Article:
Gone are the days when line-of-business employees would put up with arcane, non-intuitive applications. In-house software applications, whether they are new-employee set-up screens or expense account forms, need to be as easy to use as the iPhone or Android apps employees use on their personal smartphones.

The downside is that making things simple is hard. The upside is if the application truly is intuitive and lets the employee do her job, then training and downstream support costs are minimized.

Tim Weaver, chief information officer of Del Monte Foods, is sold on that consumerization of IT approach even (or especially) for tasks that are traditionally non-user friendly. Del Monte, which uses SAP (SAP) business applications also brought in software from startup Capriza to make those business processes simple enough for mere mortals.

“Users no longer have to formally train as deeply as, say, a full SAP client application would require,” Weaver told Fortune.

CNRA’s Garza agreed: “We have a ‘three C’ strategy: We want to build capacity and capabilities and then drive and promote consumerization of those capabilities so they can be self-managed and self-service,” Garza told Fortune.

The reason shadow IT exists is because traditional IT doesn’t deliver, he said. “In government we are not in the software or hardware business, so we have to do consumerization. We’ve been able to boost flexibility and reduce provisioning time to market by becoming a service broker or service provider to our employees.”

4. Keep an eye on what’s new

These IT vendors need to follow their current tech suppliers but also keep an eye on potentially game-changing new technologies that typically come from startups, not the IT giants. Chris Curran, principal and chief technologist for PWC’s advisory practice, said many of the IT execs he speaks to site their need to track emerging technology innovations and then figure out how to prioritize what they see.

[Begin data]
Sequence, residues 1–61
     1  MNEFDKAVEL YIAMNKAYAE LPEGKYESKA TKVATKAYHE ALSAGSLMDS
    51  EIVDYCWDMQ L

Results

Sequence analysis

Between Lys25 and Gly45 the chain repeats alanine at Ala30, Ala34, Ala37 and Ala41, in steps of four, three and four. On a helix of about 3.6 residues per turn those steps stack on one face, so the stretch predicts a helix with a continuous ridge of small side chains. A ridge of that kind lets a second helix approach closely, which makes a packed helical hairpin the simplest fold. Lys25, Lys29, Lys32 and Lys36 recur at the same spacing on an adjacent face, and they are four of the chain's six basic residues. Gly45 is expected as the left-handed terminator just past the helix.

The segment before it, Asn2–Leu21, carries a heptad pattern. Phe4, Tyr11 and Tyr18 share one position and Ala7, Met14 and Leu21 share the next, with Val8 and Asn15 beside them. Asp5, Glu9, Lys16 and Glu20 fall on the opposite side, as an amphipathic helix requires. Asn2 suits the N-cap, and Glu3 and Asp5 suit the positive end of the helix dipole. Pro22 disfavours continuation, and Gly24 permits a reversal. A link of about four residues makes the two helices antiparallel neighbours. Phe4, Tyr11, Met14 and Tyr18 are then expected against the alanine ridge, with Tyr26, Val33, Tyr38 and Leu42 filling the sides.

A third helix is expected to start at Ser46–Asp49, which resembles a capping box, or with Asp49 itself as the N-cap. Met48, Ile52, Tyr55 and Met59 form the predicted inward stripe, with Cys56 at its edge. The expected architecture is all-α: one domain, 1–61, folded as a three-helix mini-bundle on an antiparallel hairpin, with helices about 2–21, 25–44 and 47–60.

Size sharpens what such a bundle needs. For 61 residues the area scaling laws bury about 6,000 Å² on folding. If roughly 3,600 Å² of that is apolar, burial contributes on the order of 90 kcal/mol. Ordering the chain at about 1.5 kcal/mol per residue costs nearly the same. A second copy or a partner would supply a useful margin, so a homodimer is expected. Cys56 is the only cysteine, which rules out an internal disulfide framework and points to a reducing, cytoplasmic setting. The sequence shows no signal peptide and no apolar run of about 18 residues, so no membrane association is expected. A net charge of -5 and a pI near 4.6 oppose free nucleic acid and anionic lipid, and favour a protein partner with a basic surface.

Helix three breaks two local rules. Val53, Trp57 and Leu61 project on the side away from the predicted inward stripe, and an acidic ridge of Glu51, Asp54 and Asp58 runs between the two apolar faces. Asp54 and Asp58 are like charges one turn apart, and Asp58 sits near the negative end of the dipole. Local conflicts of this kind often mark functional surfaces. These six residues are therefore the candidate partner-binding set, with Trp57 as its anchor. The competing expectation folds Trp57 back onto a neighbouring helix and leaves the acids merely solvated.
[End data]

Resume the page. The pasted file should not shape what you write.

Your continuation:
“They want to know how to experiment and not break the bank,” he noted.

Most of the chief information officers referenced in this story were brought to Fortune‘s attention as reference accounts for one vendor or another. Smoley, for example, is a big proponent of ServiceNow, which AstraZenica has used to consolidate some 70 separate service desks into one system across the company.

As noted above, DelMonte’s Weaver is a big fan of Capriza. Other newer applications mentioned repeatedly by the CIOs include Box (BOX), for accessing key documents from mobile devices, and DocuSign. CRNA uses Imperva(IMPV)Skyfence to see what software services are being used, with or without sanction, and from there decides whether IT should provide that capability in-house or go outside.

5. Manage your vendors, not vice versa

Chief information officers, who typically sign off on any big technology acquisition, like the idea of managing as few vendors as possible to minimize paperwork and finger-pointing when something goes sideways. But they also fear over-reliance on one vendor.

Vendor lock-in remains a worry. Off the record, most of these execs will talk about how they seek to minimize mission creep by big legacy vendors—the names Oracle (ORCL), SAP, IBM (IBM), Microsoft (MSFT) and VMware (VMW) continually crop up—because over reliance on one vendor means lost leverage when it comes to price and license negotiations.

This concern does not evaporate in the cloud computing era. Most of the IT execs who talked with Fortune said their companies are at least experimenting with public cloud provider Amazon (AMZN) Web Services, the leader by far in that category, but they do not want to repeat mistakes of the past by putting too many eggs in any one basket.

Speaking broadly on this topic, AstraZeneca’s Smoley said: “Vendor lock-in is a concern, it aways is. Today’s leading-edge cloud companies are tomorrow’s dinosaurs.”

For more on enterprise software check out the video below.